GOP governor candidates see ‘hope for Illinois’ in expected reversal of Roe v. Wade

Most of the state’s Republican candidates for governor offered exuberant praise for the anticipated decision upending abortion protections — but the GOP establishment pick declined to weigh in on the political tripwire.

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State Sen. Darren Bailey, Republican candidate for governor, speaks during a news conference Tuesday about the leak of a draft Supreme Court opinion that may overturn Roe v. Wade.

State Sen. Darren Bailey, Republican candidate for governor, speaks during a news conference Tuesday about the leak of a draft Supreme Court opinion that may overturn Roe v. Wade.

Anthony Vazquez/Sun-Times

Most of Illinois’ Republican candidates for governor on Tuesday applauded the seemingly inevitable upending of federally protected abortion rights — though the silence of the state GOP’s establishment pick underscored the challenge in trying to court conservative voters in the primary and more moderate ones in November.

A leaked draft of the U.S. Supreme Court’s decision — suggesting the Roe v. Wade decision will be overturned this year — was met with full-throated support by those farther to the right on the spectrum of the state’s GOP gubernatorial hopefuls.

“The flag looks different after this ruling — it shines even brighter,” Petersburg venture capitalist Jesse Sullivan said in a statement, calling the primary “a matter of life and death” with the state destined to “be the abortion destination capital of the Midwest.”

“We must, as a state and a country, do all we can to protect the rights of the unborn,” Bull Valley entrepreneur Gary Rabine said.

Republican venture capitalist Jesse Sullivan, left, in October; Suburban businessman Gary Rabine, right, last year.

Republican venture capitalist Jesse Sullivan, left, in October; Suburban businessman Gary Rabine, right, last year.

Mitchell Armentrout; Anthony Vazquez/Sun-Times file

“I absolutely love this — hope for Chicago, hope for Illinois and hope for this great nation,” state Sen. Darren Bailey, R-Xenia, said at a news conference in the city alongside local anti-abortion activists.

But Aurora Mayor Richard Irvin — who has the backing of Illinois’ richest man, Ken Griffin — declined to comment through his campaign, saying he wouldn’t weigh in until a final ruling is issued. Earlier this year, Irvin told FOX 32 Chicago he was “pro-life,” with the caveat that “there are always exceptions: rape, incest, life of the mother.”

Former state Sen. Paul Schimpf, R- Waterloo, didn’t issue a statement about the leaked decision, but has previously said in media interviews and campaign statements that he’s staunchly anti-abortion.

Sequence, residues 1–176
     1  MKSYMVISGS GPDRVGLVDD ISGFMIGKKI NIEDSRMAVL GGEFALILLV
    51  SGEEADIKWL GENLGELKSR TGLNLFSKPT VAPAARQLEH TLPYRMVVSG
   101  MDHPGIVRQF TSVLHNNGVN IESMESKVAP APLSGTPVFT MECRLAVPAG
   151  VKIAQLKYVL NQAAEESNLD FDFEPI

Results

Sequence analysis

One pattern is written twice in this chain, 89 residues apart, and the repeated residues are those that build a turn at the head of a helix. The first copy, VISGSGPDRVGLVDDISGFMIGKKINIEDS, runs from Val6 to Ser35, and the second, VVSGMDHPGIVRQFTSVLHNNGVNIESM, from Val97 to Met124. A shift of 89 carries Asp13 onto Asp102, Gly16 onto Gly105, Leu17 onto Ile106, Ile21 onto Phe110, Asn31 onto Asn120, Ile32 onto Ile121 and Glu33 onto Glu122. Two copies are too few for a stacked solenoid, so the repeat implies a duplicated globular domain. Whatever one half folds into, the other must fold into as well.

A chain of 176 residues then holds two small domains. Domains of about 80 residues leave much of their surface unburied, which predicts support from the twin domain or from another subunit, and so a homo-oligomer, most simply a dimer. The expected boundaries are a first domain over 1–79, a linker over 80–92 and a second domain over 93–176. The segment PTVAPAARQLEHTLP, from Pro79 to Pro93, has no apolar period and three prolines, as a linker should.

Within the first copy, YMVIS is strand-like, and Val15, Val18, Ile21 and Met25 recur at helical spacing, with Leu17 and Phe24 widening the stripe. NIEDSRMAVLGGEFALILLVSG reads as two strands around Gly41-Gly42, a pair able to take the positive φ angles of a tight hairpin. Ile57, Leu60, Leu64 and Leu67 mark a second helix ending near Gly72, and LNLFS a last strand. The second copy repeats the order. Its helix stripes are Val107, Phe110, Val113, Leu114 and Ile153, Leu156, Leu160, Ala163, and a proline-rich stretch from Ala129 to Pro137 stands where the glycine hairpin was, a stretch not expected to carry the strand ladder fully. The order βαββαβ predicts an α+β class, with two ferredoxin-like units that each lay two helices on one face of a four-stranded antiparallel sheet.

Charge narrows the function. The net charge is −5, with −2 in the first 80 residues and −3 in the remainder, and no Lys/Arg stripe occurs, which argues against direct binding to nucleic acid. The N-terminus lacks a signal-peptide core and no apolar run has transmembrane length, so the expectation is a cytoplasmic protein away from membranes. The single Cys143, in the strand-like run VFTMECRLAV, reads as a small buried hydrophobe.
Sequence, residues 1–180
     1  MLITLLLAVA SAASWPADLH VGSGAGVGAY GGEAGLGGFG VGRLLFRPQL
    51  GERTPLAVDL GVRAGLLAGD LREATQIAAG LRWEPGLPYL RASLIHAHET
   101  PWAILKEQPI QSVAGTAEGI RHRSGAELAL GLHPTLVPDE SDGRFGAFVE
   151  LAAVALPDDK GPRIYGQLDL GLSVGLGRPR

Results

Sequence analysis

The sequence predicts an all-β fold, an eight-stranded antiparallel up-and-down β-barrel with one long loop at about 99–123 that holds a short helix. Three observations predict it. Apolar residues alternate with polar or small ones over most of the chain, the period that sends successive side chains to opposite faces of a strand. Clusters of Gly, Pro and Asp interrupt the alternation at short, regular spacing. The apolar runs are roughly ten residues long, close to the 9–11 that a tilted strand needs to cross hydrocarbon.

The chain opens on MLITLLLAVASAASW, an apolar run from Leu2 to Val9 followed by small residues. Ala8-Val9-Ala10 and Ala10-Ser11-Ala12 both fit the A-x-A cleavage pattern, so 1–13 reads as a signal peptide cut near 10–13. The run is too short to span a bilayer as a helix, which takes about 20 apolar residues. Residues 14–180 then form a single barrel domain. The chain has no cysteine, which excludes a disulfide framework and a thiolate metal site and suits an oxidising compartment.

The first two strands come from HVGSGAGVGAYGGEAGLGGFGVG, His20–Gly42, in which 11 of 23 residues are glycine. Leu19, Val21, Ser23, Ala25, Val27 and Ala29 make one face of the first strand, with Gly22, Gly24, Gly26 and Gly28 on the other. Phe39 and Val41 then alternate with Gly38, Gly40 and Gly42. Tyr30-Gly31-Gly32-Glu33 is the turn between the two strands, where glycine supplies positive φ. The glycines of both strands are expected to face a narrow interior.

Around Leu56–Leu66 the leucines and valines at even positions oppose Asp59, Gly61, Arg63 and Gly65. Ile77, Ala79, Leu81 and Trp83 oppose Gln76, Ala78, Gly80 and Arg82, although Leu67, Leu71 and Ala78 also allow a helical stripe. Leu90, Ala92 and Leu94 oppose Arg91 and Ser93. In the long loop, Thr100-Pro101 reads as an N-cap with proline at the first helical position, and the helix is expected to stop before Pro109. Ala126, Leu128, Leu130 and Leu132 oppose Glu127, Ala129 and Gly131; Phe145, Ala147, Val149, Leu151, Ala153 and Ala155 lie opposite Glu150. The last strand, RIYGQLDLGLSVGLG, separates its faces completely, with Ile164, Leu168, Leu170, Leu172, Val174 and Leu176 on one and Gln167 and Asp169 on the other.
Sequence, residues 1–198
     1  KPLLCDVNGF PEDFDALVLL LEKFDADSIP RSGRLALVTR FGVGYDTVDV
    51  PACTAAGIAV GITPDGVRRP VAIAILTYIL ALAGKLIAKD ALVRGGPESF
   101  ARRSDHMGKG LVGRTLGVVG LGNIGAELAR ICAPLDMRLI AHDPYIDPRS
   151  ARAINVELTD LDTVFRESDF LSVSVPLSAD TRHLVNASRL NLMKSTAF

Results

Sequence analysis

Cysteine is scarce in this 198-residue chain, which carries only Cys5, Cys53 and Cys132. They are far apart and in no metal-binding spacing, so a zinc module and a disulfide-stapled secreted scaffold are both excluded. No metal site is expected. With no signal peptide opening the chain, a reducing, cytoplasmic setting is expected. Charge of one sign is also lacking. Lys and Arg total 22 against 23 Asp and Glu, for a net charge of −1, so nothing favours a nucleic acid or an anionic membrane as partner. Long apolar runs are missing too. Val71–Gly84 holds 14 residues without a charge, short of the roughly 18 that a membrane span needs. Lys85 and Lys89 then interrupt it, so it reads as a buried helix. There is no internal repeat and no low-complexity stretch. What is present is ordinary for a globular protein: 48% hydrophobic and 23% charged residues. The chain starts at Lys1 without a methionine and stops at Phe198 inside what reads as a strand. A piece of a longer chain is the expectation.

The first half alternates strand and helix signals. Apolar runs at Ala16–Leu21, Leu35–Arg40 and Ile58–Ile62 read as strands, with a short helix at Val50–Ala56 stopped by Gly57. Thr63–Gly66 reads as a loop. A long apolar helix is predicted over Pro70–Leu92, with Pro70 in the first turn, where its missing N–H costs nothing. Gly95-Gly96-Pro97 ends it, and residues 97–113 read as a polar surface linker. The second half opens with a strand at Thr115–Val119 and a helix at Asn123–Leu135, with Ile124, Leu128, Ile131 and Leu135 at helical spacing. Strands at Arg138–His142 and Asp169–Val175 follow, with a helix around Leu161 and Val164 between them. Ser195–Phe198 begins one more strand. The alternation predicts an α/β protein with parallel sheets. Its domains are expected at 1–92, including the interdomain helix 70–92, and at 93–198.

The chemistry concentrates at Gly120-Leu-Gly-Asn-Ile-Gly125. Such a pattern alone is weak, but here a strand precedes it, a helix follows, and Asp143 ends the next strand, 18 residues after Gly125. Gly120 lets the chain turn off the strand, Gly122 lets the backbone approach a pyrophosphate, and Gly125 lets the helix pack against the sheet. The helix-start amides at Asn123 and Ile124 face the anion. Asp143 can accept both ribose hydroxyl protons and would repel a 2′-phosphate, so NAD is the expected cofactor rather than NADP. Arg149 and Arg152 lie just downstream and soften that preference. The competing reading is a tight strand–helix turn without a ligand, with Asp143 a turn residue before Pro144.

The range of reactions, and lack thereof, played out as anti-abortion activists across the state celebrated the looming decision that promises to block a woman’s right to opt out of a pregnancy in more than half the country — and they suggested that the idea of chipping away at abortion rights in solidly blue Illinois might not be as far-fetched as it seems.

Aurora Mayor Richard Irvin, left, in 2019; Former state Sen. Paul Schimpf, R-Waterloo, right.

Aurora Mayor Richard Irvin, left, in 2019; Former state Sen. Paul Schimpf, R-Waterloo, right.

Patrick Kunzer/Daily Herald-file; Facebook

Ralph Rivera, lobbyist for Illinois Right to Life Action, cited a bill signed into law by Gov. J.B. Pritzker last year repealing the requirement for parental notification in the cases of minors who get abortions — a measure that passed the Illinois House with only two votes to spare.

“We’ve seen very close votes on this, so we’re not that far away. I think it’s doable,” Rivera said at the anti-abortion news conference held at the Hilton Garden Inn in the South Loop.

“We’re hopeful that we can see more people who want to come up with, at least, these common-sense things of parental notice, not paying for taxpayer-funded abortion, and putting in certain safeguards for the mother and child.”

Bailey, who is endorsed by key Illinois anti-abortion groups, acknowledged the slim odds of moving any restrictive legislation through Springfield, saying he understands “what we can and cannot accomplish with the Democrats currently holding the supermajority.”

Republican gubernatorial candidate Darren Bailey listens during a news conference Tuesday on the draft opinion that may would overturn Roe v. Wade.

Republican gubernatorial candidate Darren Bailey listens during a news conference Tuesday on the draft opinion that may would overturn Roe v. Wade.

Anthony Vazquez/Sun-Times

“But I will always stand up to promote policies that support women and protect life,” he said.

The downstate senator, backed by far-right businessman Richard Uihlein, has tried to position himself as the true conservative pick in the primary, even meeting with former President Donald Trump at his Mar-a-Lago resort in an effort to court his endorsement.

Irvin, widely viewed as the state party favorite, has played the exact opposite strategy, tiptoeing around reporters’ questions about the former president — who remains wildly popular in much of the central and southern regions of the state, but who is thought to turn off some key suburban voters.

But even as he avoids the Trump topic himself, Irvin has worked hard to portray Bailey as the one who is out of sync with the former president, hoping to blunt a key segment of the state senator’s potential base of support.

Still, it’s Irvin’s reluctance to take stances on such conservative hot buttons that has drawn fire from his GOP rivals.

“Pro choice Fake Republican candidate Richard Irvin really in a bad place today,” Rabine tweeted. “Pro choice in a party that’s overwhelmingly pro life makes it tough for a guy that wants to be the GOP Governor nominee.”

Contributing: Tina Sfondeles

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